On scene: Steamboat Springs Orchestra finale | SteamboatToday.com

On scene: Steamboat Springs Orchestra finale

Tchaikovsky’s Fifth Symphony is optimistic, but it’s not outright joyful – Tchaikovsky was a Romantic, and even his most triumphant work becomes that way through tense emotion and occasional melancholy.

But when Steamboat Springs Orchestra Music Director Ernest Richardson broke into a broad smile during the final movement of Tchaikovsky’s Fifth during the orchestra’s season finale concert Sunday, it was hard not to smile with him.

With a one-piece program and a group of more than 50 musicians donating their time and talent, Sunday’s performance of Tchaikovsky’s Fifth brought with it all the optimism that characterizes the piece, and showed what a classical music concert can be: emotional and accessible.

Classical music sometimes gets a bad rap for being stuffy, or worse, unnecessary. That’s never been a fair assessment, and there’s nothing to say it can’t be overturned. That’s because a piece like Tchaikovsky’s Fifth Symphony is entertainment on its most basic level – it’s based on a simple theme, but more than that, it’s based on feeling and experience.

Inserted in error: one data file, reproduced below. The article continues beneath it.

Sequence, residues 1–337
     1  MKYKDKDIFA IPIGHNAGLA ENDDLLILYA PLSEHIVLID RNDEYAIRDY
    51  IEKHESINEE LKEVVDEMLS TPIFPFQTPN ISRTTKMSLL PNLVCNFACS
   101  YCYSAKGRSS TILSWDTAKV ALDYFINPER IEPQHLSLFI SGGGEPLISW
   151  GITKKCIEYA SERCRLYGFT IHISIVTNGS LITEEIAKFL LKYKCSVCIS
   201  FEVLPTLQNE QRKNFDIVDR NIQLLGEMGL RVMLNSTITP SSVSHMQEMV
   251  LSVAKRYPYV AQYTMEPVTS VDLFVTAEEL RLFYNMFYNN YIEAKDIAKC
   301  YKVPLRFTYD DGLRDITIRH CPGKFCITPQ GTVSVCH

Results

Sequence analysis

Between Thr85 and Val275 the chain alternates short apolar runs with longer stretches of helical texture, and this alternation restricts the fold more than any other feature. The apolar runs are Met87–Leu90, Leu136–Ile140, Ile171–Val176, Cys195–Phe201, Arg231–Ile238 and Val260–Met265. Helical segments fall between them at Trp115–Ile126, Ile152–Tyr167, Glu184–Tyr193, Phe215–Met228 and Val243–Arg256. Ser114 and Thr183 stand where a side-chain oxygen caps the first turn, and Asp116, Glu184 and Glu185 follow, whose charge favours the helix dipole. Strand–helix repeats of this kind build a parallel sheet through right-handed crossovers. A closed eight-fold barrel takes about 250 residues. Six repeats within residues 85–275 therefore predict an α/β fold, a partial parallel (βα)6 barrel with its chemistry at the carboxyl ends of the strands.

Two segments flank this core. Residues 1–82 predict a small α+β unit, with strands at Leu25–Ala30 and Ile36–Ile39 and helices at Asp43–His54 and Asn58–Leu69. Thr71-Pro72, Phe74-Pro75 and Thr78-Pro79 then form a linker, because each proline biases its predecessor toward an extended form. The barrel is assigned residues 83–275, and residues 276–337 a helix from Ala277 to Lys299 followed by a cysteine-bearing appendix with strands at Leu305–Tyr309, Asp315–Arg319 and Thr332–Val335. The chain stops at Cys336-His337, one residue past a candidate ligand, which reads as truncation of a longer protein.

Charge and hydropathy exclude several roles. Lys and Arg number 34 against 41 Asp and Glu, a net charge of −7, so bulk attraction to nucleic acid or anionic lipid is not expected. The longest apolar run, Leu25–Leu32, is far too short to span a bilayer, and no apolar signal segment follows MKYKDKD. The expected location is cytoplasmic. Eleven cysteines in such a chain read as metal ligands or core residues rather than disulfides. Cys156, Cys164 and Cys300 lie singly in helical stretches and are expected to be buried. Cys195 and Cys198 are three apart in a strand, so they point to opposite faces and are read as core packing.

With the right energy, a 100-plus-year-old symphony can feel new. That kind of renewal is difficult to pull off with a small-town orchestra staffed by players who are not getting paid.

But our shared, dicey economic situation gives audiences an opportunity to have something in fine and performing arts that we didn’t have before: it levels the playing field, takes away any sense of higher, more important forms of entertainment. It makes all art pop art – pieces that have the same cause and same affect for everyone who sees them – which is the way it should be.

Sunday’s orchestra concert – from the bold performance of Tchaikovsky’s Fifth on through an encore of John Williams’ “Flight to Neverland” from the movie “Hook” – showed what that leveled playing field can sound like, offering solid performances of timeless works that retain their power no matter what the world is doing.

A recession can’t rob Tchaikovsky of the tortured personal life that drove his music – he beat Wall Street to the punch on that one. That recession can, however, rob performing arts organizations of their ability to share those works.

If the Steamboat Springs Orchestra can find a way to continue performing and to continue offering those performances at affordable ticket prices, the ensemble will have tapped into one of the great opportunities offered by hard times.

– Margaret Hair, 4 Points

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